Amanda Forest Vivian

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Categories
Definitions & Characteristics

Atmosphere – Streaks (Part 1)

When we describe autism in terms of binaries, discourse communities, or circles, we construct a very unreal, [very black and white,] very us/them reality. […]

The typical autism essay, ironically, often proclaims that autism cannot be placed in a box, all the while concurrently placing autistics in boxes – LFA, HFA, mild, severe, verbal, nonverbal, etc.

And, I would also posit that autism should not be (because it cannot be) contained within tidied-up circles, which, despite being round, are themselves boxlike.

Discourse community theories fail to account for how these circles get created, get named, get claimed, get dismantled. In effect, discourse communities largely render their users passive.

In “Hybrid,” Bizzell claims,

These elements [discourse conventions] are so powerful that the discourse could be said to take on a life of its own, independent of individual participants; it could be said, even, to ‘create’ the participants that suit its conventions by allowing individuals no other options if they wish to be counted as participants.

Per this logic, I have been passively constructed into autism – by discourse. I have been passively constructed into aspiedom – by discourse. My other autistic commonplaces – or identity markers – have also been shaped or spawned by discourses: stimdom, speechdom, lack-of-eye-contactdom, patterndom, take-everything-literally-and-then-somedom.

But discourse alone can’t name these things, can’t claim these things. These facets of me, the diverse facets of other autistic individuals, of human individuals – autistic cousins or not – only fit within these circles because someone has squished them there, has proclaimed generalization as the new world order.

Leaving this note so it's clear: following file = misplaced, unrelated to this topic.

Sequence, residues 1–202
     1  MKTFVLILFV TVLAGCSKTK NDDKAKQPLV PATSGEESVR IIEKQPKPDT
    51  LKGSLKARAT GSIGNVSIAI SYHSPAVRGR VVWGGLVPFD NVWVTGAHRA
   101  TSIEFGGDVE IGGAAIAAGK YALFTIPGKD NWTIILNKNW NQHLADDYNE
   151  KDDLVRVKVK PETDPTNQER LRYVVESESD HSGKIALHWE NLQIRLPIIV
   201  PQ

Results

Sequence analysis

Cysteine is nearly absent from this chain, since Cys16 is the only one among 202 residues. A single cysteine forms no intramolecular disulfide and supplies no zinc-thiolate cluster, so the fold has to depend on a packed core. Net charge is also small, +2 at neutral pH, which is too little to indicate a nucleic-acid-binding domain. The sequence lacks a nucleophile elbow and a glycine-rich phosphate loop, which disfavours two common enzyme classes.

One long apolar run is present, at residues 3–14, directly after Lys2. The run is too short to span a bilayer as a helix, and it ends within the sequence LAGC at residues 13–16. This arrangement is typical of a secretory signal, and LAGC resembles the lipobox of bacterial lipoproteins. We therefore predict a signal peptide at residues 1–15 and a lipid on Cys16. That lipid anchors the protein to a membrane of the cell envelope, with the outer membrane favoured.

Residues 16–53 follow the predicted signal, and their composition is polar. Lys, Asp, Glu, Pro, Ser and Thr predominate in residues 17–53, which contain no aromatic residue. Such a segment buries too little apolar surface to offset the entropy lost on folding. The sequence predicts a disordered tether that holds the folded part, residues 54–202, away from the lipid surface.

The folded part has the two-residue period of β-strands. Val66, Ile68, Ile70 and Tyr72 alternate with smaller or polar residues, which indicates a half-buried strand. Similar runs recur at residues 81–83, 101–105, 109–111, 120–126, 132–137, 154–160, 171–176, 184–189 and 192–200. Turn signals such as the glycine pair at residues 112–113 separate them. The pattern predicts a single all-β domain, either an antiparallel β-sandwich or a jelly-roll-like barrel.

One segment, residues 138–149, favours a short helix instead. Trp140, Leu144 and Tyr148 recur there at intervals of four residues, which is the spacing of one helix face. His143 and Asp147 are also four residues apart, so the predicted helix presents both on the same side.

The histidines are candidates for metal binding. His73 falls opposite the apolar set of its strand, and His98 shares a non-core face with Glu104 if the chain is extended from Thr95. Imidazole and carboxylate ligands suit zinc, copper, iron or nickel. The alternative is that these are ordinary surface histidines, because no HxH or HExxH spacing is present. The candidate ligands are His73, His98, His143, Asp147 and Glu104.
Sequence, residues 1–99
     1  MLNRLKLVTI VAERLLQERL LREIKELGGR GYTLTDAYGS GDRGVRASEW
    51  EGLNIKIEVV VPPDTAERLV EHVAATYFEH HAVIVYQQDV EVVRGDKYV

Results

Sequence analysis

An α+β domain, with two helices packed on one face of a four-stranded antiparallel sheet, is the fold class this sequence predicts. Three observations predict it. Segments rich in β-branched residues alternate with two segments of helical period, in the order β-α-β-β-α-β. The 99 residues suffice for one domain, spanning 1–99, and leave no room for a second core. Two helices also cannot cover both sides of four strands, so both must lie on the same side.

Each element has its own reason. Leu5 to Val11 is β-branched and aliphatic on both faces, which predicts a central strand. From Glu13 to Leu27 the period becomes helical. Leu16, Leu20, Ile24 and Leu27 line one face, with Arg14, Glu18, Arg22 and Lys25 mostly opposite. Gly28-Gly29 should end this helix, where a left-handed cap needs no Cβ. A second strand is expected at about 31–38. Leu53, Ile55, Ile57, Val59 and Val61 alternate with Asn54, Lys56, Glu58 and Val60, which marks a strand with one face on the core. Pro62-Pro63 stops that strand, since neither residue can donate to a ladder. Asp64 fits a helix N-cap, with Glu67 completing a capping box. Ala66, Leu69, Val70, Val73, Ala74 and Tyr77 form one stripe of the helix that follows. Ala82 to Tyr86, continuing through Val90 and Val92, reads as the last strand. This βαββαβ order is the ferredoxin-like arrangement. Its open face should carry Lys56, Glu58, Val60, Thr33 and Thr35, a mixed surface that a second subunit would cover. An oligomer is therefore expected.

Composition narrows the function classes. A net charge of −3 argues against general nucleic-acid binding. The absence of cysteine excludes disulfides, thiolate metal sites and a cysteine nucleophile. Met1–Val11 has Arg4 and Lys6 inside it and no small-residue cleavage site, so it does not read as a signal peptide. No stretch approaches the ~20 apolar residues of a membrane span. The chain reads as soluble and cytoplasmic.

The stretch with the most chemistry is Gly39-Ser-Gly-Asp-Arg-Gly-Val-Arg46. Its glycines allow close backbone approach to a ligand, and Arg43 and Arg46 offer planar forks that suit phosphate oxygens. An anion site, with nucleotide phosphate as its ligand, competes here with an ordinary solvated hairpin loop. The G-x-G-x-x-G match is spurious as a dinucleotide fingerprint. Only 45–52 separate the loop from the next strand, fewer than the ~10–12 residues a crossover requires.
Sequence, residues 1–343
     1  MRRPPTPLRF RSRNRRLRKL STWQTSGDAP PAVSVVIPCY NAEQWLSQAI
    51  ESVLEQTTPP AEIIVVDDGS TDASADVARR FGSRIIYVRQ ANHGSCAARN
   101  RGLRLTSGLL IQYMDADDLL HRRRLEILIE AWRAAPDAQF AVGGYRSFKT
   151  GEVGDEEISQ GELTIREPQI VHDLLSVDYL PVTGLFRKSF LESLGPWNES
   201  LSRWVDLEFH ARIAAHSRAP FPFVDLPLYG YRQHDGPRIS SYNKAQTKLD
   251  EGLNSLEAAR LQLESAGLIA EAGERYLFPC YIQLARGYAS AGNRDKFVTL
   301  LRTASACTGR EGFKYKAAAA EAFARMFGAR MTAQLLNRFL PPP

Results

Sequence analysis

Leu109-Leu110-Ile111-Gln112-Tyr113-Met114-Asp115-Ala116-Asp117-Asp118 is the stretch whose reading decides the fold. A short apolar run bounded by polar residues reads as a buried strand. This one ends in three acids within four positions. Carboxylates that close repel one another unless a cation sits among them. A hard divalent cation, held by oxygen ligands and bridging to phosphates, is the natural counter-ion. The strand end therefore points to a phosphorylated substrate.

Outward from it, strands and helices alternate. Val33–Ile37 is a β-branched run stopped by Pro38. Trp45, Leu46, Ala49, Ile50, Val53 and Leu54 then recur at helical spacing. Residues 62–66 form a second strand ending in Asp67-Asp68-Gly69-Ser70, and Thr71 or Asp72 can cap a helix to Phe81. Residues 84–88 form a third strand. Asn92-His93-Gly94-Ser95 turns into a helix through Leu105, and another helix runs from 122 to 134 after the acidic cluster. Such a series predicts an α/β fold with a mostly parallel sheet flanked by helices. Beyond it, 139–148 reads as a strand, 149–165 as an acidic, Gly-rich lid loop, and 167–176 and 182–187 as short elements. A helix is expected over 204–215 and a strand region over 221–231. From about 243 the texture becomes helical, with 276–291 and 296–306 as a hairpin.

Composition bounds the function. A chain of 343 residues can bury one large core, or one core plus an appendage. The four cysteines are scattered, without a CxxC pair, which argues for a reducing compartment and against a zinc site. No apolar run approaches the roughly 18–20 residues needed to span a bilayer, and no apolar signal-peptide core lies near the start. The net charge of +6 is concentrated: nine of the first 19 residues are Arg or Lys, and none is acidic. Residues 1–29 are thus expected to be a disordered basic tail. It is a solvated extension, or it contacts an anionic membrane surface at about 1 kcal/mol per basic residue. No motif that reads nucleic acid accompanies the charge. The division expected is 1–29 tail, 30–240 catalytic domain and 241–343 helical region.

Low-functioning autism exists because the people who write the typical autism essay say it does: they make the circles; the circles themselves don’t independently create themselves; the circles aren’t material objects that exist or breathe or birth or contain people, all neatly sorted; the circles have human help. While I like to objectify humans and categorize stuff [very much], circles alone just don’t do the trick.

Melanie Yergeau

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There are many autistic people whose best method of communication is nonverbal. By which I mean, not speech, not writing. […]

Most people don’t know this because the current theories of autism all involve us being terrible at nonverbal communication. By which people mean, terrible at one specific kind of nonverbal communication that most nonautistic people are good at.

So for many of us – nonverbal communication, and the world of things outside of words, are our best way of communicating. Whether we can also use words or not. […]

It’s true that many people who are thought not to be able to use or understand language, actually are. And it’s terrible that they are overlooked. But in their desire not to overlook such people, many people claim that all disabled people who can’t communicate through speech fall under this umbrella. And that’s simply not true. In order to communicate with people who will never use words, you have to learn their language.

Mel Baggs

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‘Autism steals their voices.’

The idea of “voicelessness” presents itself as a convenient vehicle to get from autism to (living) death.

Voicelessness, here, does not refer primarily to literal variations of mutism […]

To be a voiceless autistic person does not entail an incapability of using language, but rather, an all-encompassing credibility gap.

Are autistic people, after all, expressing themselves, or merely their symptoms? Are they themselves expressing, or is autism? […]

When autism speaks, autistic people do not.

Voices here are only reserved for native speakers of a particular kind of symbolic language.

This language assumes and creates a normative, human subject, one who both comprehends and is comprehensible to other humans.

The faith […] is put in a shared, normative language, as a tool to fathom oneself and other people […]

This mechanism, while steeped in hyperbolic doubt, is intertwined with an essentialist humanism.

If the symbolic connects all humans to a network of intelligibility, the subjects who fall outside of this network must not be fully human.

Anna N. de Hooge